1. Is Outcome-Centered
Progress and practices are measured and systematically monitored at the indicated level, whether that activity involves youth outcomes, workforce development outcomes, or system-wide outcomes.
2. Is Information-Oriented
MAP emphasizes the common roles that information serves in decision-making, rather than dictating a specific set of instruments or procedures. For example, in the direct service context, a MAP decision guide identifies where indicators of client progress commonly inform expert decision-making in evidence-based practices rather than require that a particular measure be used with a particular benchmark at particular intervals.
3. Supports a Common Language
By identifying common elements of interventions with scientific evidence of effectiveness across the behavioral health service domain, the MAP system provides a unifying language to which the terminology of specific programs and disciplines is readily translated.
4. Integrates Multiple Evidence Bases
The MAP system highlights four sources of evidence that are regularly referenced during decision-making: case-specific information (e.g., youth outcomes), case aggregate information (e.g., practice-based evidence), treatment outcome research (e.g., evidence-based treatments), and research on causal mechanisms (e.g., clinical or behavior change theory). MAP explicitly labels information from these four sources, brings them into the decision-making situation, and provides guidance for determining their relative priority with respect to key decisions.
5. Coordinates Observed and Expected Values
As a strategy to guide decision making, MAP facilitates comparison of observed values (e.g., client response, provider expertise) with the expected outcomes (e.g., research-informed benchmarks, professional development milestones).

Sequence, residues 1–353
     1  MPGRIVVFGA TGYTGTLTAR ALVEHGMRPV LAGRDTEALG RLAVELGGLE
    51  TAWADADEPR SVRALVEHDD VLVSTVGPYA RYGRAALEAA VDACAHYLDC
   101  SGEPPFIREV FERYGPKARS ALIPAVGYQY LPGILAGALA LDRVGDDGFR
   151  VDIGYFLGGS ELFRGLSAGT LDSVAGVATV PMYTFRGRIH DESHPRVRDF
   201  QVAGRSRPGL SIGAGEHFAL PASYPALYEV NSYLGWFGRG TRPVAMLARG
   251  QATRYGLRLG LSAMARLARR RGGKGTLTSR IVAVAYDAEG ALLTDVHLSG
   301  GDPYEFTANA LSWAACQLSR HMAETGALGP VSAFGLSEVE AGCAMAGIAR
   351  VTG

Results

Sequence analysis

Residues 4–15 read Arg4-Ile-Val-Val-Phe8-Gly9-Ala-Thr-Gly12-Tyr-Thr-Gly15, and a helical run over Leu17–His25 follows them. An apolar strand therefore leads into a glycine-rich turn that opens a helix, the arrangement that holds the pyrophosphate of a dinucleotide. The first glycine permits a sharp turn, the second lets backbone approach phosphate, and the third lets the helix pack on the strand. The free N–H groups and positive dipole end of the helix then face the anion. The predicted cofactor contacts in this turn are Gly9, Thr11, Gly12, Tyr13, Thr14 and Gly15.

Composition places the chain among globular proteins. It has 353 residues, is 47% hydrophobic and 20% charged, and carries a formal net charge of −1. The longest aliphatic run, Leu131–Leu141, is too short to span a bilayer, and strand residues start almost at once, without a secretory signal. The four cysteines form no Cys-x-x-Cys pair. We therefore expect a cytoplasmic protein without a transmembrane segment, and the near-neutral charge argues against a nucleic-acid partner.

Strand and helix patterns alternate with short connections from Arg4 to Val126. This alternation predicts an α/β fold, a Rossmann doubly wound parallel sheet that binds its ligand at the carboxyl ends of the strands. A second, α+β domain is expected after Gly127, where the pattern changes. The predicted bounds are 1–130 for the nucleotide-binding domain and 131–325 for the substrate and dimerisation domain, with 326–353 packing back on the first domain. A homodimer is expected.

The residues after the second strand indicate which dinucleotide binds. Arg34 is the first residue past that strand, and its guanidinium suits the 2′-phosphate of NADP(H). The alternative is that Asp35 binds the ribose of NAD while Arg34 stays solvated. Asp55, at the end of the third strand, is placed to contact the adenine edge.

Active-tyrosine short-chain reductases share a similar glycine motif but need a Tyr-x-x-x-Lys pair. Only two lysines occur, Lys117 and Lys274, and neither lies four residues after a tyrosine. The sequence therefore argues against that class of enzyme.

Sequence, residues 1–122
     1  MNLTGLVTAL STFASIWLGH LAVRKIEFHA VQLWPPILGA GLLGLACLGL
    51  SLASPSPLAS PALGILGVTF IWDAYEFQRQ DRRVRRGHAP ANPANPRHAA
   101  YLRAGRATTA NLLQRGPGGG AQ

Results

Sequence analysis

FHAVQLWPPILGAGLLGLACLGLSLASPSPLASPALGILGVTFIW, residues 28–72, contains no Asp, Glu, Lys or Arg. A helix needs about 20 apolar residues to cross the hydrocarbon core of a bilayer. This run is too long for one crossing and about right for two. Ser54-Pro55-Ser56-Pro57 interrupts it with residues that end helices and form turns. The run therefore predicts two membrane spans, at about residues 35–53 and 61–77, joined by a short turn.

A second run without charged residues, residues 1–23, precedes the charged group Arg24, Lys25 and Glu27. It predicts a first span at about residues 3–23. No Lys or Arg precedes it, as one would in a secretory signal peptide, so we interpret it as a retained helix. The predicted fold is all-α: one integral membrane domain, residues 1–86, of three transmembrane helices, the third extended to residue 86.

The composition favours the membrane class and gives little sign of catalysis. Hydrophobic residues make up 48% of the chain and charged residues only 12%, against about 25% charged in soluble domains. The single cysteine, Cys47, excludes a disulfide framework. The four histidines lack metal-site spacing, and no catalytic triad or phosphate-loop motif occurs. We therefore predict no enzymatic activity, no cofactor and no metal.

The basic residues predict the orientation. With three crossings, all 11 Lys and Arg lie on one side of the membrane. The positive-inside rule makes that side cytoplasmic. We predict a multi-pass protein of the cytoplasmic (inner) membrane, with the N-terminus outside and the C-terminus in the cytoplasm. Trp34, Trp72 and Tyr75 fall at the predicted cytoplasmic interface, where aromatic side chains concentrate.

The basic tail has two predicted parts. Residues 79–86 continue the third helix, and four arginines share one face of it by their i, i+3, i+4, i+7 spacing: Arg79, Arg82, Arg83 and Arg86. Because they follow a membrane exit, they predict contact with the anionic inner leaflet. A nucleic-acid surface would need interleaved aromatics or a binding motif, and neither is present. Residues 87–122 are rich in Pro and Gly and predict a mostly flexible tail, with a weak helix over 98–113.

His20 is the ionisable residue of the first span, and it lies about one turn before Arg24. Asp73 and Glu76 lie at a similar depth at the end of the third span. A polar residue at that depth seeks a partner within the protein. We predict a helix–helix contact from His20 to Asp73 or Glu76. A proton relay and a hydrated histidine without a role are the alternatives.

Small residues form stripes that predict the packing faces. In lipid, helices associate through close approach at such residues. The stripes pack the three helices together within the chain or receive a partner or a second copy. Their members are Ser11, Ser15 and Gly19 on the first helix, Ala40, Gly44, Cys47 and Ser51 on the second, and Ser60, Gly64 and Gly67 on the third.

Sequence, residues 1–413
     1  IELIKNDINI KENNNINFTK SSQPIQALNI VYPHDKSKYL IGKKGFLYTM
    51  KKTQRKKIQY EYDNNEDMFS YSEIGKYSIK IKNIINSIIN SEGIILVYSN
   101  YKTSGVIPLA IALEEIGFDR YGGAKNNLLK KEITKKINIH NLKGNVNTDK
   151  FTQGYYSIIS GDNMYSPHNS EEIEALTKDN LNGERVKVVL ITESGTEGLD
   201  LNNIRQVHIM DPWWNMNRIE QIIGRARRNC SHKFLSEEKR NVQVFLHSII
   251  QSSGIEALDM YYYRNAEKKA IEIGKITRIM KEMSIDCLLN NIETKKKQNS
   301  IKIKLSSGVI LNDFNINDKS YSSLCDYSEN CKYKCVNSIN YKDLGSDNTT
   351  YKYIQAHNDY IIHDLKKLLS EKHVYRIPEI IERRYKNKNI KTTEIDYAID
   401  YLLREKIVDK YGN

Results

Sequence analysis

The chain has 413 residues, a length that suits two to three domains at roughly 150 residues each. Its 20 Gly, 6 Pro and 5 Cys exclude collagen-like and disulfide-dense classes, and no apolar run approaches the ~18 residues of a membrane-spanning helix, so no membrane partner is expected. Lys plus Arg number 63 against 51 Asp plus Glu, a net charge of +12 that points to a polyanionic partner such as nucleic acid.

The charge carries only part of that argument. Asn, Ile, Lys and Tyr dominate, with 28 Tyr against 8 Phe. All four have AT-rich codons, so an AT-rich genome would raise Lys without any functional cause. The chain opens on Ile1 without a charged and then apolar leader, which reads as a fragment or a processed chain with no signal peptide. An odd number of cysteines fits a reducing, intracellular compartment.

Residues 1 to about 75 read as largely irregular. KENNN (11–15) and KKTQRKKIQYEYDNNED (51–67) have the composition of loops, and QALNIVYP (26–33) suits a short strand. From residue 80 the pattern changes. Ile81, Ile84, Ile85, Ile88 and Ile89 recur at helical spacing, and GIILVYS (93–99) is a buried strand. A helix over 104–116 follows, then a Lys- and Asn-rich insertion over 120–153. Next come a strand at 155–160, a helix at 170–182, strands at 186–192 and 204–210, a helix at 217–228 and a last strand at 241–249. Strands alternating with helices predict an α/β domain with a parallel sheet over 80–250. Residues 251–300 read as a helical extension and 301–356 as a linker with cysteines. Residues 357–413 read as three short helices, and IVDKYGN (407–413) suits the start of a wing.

6. Is Self-Correcting
Implicit in its routine functioning, MAP generates new data, promotes reflection and analysis, and supports adaptive responding, whether in direct service delivery, professional development, or system change contexts.
Even the core MAP resources are routinely updated based upon ongoing review of the scientific literature. As new evidence and practices appear in the scientific literature, these innovations are delivered directly to service providers, supervisors, and trainers through the existing infrastructure.
7. Is Developmental
Whether in the context of direct service, professional training, or organizational change, MAP is designed to “meet people where they are,” to build on current strengths and capacities, and to offer only those components needed to achieve collaboratively established goals.
8. Is Dynamic
MAP anticipates regular surprises, roadblocks, and exceptional circumstances, offering structured solutions to resolve the interference and to transition efficiently back to the pursuit of the original, overarching goals.
9. Promotes Public Visibility
MAP offers multiple strategies to promote transparency and public scrutiny of (a) the underlying evidence used to inform decisions and (b) the underlying logic used to reach a final decision and course of action.
10. Process Management
MAP adopts a continuous quality improvement strategy for managing the process of change. Common steps include setting goals, assembling supports, implementing procedures, testing results, and adapting the course of action as needed.